A Chicago-style hot dog is a lusciously stacked temple to indigestion: a Vienna Beef frankfurter loaded with mustard, chopped onion, sliced tomato, relish, celery salt, hot peppers, and dill pickles. Eating one of these for lunch means a dinner of Deep Dish is out of the question, unless you have a tub of Maalox holstered to your hip. Luckily, the Windy City’s bustling restaurant scene now competes with its fabled street grub. So in between hot dogs and Italian beef sandwiches, give your digestive tract a break in one of these notable new restaurants.
Hipster DeLaCosta imports the Nuevo Latino food of celebrity chef Douglas Rodriguez and amps up the club vibe for a see-and-be-seen spot that manages to do a credible job with the food. Menacing mannequins spot the walls and the public lounge area is swathed in gauzy curtains, creating a theatrical atmosphere. You can rent a private “cabana” with bottle service. Foodies won’t be disappointed by a seat at the stylish ceviche bar (don’t miss the hamachi ceviche) or the marlin tacos. The later the hour, the louder and boozier this spot becomes; reserve accordingly. 465 E. Illinois St. 312/464-1700. AE, DC, MC, V. No lunch weekends. $$$-$$$$
The husband-and-wife team behind this stylish spot manages to draw discriminating diners to their less-than-lovely location, behind the mammoth Merchandise Mart. He does the savories, she the sweets. Aigre Doux (which means “sweet and sour”) is at its best during dinner, serving deftly accented dishes like artichoke soup, slow baked salmon with citrus and maple-glazed duck. Attentive service, a selective wine list, and modern decor create a chameleon setting conducive, like the chefs’ marriage, to both business and romance. 230 W. Kinzie St. 312/329-9400. AE, D, DC, MC, V. No lunch weekends. Closed Sunday. $$$
New York celebrity chef David Burke’s local reception was initially cautious. After all, what could a New Yorker teach a Chicagoan about steak? But the restaurant has been embraced for its convivial setting and sense of playfulness, including identifying 207L, the steer responsible for producing the menu’s prime beef. Don’t miss Burke’s innovative cuts, especially the 28-day, dry-aged rib eye and the bone-in filet mignon. Interactive elements include tableside tossed Caesar salads and fill-your-own dessert doughnuts. The best seats are the red leather booths along the walls. 616 N. Rush St. 312/660-6000. AE, D, MC, V. $$$$
Despite Chicago’s renown for deep dish pizza, locals have been swept away recently by the Neapolitan pies spinning out of this bright, 50-seat Ravenswood gem. Finely ground Italian flour, imported buffalo mozzarella, hand-tossed dough and a wood-fired brick oven produce thin pies with a bubbling, chewy crust that diners eat with a fork. Antipasti and desserts like tiramisu round out the short menu. The proprietors shun take-out and turn up the lights a little too high, but the food wins out, accounting for out-the-door waits, even on weekdays. In summer, angle for a table on the pleasant sidewalk patio. 1769 W. Sunnyside. 773/878-2420. AE, MC, V. Closed Monday and Tuesday. $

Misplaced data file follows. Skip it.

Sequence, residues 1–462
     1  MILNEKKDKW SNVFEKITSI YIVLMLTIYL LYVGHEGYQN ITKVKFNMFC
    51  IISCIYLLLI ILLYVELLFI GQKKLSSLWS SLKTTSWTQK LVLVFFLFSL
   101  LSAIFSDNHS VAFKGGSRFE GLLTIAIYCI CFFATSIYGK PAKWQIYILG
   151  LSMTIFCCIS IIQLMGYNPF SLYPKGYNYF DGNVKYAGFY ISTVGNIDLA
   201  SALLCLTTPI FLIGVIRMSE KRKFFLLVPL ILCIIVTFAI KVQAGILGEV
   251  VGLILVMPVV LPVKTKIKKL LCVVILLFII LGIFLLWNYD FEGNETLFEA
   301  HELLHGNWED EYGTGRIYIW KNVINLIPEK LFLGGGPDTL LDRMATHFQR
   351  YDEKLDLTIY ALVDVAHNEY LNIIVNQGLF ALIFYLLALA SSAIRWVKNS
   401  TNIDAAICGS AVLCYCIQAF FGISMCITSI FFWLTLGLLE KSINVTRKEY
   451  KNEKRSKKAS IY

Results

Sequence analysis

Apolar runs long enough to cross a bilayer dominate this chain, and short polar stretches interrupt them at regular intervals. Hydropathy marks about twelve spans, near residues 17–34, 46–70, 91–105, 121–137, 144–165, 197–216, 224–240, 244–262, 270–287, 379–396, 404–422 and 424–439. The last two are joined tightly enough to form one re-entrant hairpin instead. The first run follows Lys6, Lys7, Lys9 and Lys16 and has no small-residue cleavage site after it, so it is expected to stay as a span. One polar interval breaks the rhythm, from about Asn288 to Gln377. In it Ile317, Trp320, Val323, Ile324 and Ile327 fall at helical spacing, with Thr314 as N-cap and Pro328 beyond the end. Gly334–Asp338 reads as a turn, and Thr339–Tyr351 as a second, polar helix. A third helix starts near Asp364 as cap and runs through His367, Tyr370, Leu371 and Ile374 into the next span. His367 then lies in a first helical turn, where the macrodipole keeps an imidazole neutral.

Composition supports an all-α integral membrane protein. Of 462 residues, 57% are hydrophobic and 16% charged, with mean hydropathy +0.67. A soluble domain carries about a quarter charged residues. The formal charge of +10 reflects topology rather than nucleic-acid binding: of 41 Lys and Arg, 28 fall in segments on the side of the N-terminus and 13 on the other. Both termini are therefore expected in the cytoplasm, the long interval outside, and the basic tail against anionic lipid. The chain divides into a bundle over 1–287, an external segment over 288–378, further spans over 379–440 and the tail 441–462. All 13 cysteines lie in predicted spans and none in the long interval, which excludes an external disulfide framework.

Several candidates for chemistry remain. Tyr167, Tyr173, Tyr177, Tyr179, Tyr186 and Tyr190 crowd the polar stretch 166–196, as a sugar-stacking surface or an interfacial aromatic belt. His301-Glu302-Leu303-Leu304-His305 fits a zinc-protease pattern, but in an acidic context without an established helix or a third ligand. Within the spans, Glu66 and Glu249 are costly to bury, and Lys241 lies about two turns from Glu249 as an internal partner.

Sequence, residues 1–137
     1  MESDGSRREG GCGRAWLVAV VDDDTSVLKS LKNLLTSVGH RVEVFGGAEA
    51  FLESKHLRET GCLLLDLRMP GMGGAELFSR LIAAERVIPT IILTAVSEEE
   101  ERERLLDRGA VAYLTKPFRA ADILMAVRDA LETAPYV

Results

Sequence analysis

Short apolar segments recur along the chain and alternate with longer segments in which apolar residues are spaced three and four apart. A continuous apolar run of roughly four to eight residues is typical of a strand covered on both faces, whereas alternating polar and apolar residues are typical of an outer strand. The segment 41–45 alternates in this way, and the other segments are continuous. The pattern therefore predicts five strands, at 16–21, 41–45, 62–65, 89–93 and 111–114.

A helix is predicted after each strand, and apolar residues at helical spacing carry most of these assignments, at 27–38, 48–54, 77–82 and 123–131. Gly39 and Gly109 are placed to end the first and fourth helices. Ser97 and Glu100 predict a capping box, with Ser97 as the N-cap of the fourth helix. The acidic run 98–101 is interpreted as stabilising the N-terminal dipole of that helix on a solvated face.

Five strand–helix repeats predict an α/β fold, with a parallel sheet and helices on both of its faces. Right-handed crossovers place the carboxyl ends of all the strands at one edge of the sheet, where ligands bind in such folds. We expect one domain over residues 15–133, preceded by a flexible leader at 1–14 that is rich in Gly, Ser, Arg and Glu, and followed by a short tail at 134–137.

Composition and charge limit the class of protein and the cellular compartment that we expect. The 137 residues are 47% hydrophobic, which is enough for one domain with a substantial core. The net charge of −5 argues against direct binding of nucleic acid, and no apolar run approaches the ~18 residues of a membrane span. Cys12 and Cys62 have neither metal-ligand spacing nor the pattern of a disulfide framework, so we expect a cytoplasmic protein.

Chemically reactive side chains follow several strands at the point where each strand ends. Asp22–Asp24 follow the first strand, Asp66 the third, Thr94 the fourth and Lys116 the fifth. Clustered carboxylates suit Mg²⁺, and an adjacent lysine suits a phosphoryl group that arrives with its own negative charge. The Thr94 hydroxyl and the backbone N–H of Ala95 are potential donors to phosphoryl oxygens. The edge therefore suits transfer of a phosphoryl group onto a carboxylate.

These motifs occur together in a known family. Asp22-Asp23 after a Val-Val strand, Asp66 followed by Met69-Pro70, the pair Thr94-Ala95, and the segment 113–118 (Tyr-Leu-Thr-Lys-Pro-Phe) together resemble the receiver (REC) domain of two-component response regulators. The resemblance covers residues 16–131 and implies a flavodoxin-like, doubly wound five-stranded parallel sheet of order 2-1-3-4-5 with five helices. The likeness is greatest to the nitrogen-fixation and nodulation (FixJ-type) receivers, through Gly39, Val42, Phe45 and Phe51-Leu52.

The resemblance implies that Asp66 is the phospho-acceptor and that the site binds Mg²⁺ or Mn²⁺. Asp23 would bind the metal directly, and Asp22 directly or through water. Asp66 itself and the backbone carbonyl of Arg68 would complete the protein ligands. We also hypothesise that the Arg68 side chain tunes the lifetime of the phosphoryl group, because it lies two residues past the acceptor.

Chicago storefront dining doesn’t get any better than this Italian find in Roscoe Village. Bring your own wine and sit down in the exposed brick dining room. Dishes are comprised of mostly organic and sustainable ingredients and pastas made fresh by your waiter/chef. The house specializes in family-style service, enabling diners to choose an antipasti, salad, a couple of pastas and entrées to split, making this a nice choice for groups that like to graze. Though it occupies an unlikely corner of Addison Street in Roscoe Village, it’s only about a mile from Wrigley Field and neighbors the Brown Line el stop (requiring a reservation most nights). 1851 W. Addison St. 773/248-2777. AE, D, DC, MC, V. No lunch. Closed Monday. $$
Rockit Bar & Grill
A classic tavern for the club set, Rockit Bar & Grill does bar food with style, pours creative cocktails, and aims to please everyone from celebrity visitors (given wide berth in the upstairs bar) to kids (served Lincoln Log-like stacks of brioche French toast for brunch). The extensive menu spans salads, sandwiches and burgers (try the Kobe version) as well as comfort food entrées like Thanksgiving turkey and pesto cream pasta with salmon. Oprah-famed designer Nate Berkus did the rustic-chic interiors, which include tree-stump cocktail tables and antler chandeliers. After dinner, head upstairs to shoot some pool and check out the singles scene. 22 W. Hubbard St. 312/645-6000. AE, MC, V. $$